Preston H. Epps (1888-1982) was born on the border of Virginia and North Carolina in an area then known as the High Plains of the Sappony Indians. He never knew his father, who was said to have died when he was very young, but was raised by his mother and maternal grandparents. In 1899 the family moved to Johnston County, NC, and then in late 1900 to Durham, where Epps went to work first for the Duke Tobacco Factory and then the Southern Railroad to help support his family. Epps’ had mother taught him to read from the Bible, but apart from six months of school when he was 12, he had no formal education until he was 21, when with the help of a local Baptist minister he persuaded the superintendent of the Durham school system to let him enroll in 7th grade. He graduated from Durham High School three years later, as president of the senior class.
Epps began teaching in the Department of Classics at UNC-Chapel Hill in 1915 as a graduate student and received his MA in English in 1917 with a thesis, “Studies in English Classicism in the Seventeenth Century.” By that time he had begun teaching at Boys High School in Atlanta (later renamed Henry W. Grady High School), where he taught from 1916 to 1928. Among his students there were W. Kendrick Pritchett, who went on to a highly distinguished career as a Greek epigrapher and historian at UC Berkeley, and Dean Rusk, the future US Secretary of State (1961-69), with whom he maintained a correspondence throughout his life. While at Boys High, Epps began doctoral work in Greek at the University of Chicago, studying under Paul Shorey. He received his PhD in 1928 with a dissertation entitled “The Place of Sparta in Greek History and Civilization.” He then joined the faculty at Furman University, where he remained for ten years (1928-38). He returned to UNC as a faculty member in 1938 and was named Kenan Professor of Greek in 1955, a post that he held until his retirement in 1961. In 1956 his former student Dean Rusk, then president of the Rockefeller Foundation, sent him to Greece to report to the Foundation on the excavations at the Athenian Agora; it was Epps’ first trip to the country that he had been studying for forty years.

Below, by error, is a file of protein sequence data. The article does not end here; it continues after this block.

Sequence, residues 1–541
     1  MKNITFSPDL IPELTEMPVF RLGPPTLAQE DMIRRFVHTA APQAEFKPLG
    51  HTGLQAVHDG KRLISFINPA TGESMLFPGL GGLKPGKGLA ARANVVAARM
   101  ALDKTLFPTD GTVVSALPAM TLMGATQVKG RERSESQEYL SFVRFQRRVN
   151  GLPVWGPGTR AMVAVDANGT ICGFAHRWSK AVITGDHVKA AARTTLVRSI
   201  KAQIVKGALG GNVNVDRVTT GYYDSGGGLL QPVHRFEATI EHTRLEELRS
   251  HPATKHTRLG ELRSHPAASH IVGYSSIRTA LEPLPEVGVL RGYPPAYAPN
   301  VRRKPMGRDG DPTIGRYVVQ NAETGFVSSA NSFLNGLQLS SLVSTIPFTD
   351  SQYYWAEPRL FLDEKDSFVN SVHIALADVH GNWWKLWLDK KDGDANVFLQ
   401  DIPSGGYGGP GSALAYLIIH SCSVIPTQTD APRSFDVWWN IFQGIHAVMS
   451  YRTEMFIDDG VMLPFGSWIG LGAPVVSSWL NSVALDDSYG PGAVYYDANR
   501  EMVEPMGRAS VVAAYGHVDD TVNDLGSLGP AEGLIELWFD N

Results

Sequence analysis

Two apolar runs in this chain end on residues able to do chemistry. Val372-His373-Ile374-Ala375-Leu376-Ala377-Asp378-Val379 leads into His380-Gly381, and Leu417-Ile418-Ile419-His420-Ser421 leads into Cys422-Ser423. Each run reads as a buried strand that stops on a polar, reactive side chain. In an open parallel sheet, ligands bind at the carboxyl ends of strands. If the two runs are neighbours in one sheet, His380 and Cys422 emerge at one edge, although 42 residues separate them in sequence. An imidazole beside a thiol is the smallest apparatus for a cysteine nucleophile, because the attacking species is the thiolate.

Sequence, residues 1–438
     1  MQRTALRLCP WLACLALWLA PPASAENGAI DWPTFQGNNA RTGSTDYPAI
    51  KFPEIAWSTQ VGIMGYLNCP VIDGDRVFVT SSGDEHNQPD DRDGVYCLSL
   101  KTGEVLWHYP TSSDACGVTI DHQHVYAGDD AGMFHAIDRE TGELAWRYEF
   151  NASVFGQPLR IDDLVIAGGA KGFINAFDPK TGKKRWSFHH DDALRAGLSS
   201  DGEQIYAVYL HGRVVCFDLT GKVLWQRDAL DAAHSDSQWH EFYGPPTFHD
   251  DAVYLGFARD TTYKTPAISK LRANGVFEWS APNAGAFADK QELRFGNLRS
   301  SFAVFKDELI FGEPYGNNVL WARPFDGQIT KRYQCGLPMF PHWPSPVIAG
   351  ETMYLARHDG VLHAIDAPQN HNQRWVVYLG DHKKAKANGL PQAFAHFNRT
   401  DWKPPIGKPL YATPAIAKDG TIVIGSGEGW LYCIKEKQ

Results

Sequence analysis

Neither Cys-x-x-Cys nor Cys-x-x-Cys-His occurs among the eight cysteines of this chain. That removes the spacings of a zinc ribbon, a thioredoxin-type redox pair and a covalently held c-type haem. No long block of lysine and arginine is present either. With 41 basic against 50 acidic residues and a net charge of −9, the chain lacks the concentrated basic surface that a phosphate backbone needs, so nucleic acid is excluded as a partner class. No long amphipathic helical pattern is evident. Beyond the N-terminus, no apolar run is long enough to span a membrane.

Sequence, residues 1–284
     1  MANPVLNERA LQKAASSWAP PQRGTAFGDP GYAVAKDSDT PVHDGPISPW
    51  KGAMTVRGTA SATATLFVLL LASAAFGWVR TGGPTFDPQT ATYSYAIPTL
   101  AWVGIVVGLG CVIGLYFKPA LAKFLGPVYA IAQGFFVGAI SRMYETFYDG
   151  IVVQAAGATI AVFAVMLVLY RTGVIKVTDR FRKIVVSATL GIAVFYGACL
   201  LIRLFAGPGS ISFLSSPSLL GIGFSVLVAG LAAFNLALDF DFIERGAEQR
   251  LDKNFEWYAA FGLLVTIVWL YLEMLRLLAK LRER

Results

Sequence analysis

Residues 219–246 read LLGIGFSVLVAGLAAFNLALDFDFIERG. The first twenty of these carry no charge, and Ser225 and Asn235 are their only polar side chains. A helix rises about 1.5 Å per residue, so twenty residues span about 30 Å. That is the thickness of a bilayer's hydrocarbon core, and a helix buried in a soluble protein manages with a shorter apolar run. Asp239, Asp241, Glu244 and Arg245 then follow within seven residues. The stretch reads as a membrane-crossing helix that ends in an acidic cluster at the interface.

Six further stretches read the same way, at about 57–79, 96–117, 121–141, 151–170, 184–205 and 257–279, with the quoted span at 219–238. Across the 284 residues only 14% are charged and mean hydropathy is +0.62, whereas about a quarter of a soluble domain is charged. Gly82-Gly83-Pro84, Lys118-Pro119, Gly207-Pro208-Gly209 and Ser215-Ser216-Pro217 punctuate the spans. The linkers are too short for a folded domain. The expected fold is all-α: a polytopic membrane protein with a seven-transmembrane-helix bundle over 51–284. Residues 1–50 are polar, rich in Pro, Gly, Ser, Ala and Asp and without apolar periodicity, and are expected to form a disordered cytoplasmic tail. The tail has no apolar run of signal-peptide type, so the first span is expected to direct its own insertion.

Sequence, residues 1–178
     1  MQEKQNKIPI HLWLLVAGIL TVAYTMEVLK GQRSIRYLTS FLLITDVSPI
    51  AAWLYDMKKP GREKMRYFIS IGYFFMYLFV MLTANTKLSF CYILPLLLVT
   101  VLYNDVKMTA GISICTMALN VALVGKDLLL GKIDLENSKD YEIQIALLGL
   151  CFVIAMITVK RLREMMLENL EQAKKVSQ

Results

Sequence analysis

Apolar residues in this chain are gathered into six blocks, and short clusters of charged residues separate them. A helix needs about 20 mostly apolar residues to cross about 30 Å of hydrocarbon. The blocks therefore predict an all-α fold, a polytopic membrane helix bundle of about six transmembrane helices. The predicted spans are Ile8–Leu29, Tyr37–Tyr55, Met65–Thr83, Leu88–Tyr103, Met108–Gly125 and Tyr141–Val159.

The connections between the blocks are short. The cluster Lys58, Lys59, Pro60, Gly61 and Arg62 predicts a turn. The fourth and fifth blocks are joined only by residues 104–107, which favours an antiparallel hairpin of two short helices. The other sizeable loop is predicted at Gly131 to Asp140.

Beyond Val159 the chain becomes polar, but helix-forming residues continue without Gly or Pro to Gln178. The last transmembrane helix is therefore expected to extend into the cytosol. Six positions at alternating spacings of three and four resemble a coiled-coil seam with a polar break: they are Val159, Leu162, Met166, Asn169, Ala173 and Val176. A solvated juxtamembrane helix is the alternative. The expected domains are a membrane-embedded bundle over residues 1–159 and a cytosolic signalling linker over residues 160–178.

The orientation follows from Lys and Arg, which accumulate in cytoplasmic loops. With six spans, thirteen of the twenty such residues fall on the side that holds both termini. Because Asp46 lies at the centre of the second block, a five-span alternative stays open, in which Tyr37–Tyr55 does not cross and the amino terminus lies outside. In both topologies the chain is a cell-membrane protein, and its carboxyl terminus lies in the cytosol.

His course load at UNC during his first fifteen years on the faculty was, by the current standards of a research university, prodigious, amounting to fifteen hours per semester. He was an engaging teacher and had a significant impact on his students, many of whom continued to remember him with affection and respect for years afterwards. Despite his heavy teaching load, he found time to publish a translation of Aristotle’s Poetics (UNC Press, 1942; reprinted 1970) and also revised a sourcebook of Greek literature originally published in 1924 by two of his senior colleagues, George Howe and Gustavus Adolphus Harrer (Greek Literature in Translation, Harper, 1948). After his retirement he published a translation of the Odyssey (Macmillan, 1965) and Thoughts from the Greeks (U. Missouri Press, 1970), in which he distilled the insights into Greek literature and culture that he had developed over the course of his long career. He and his wife continued to be presiding geniuses of the department until his death.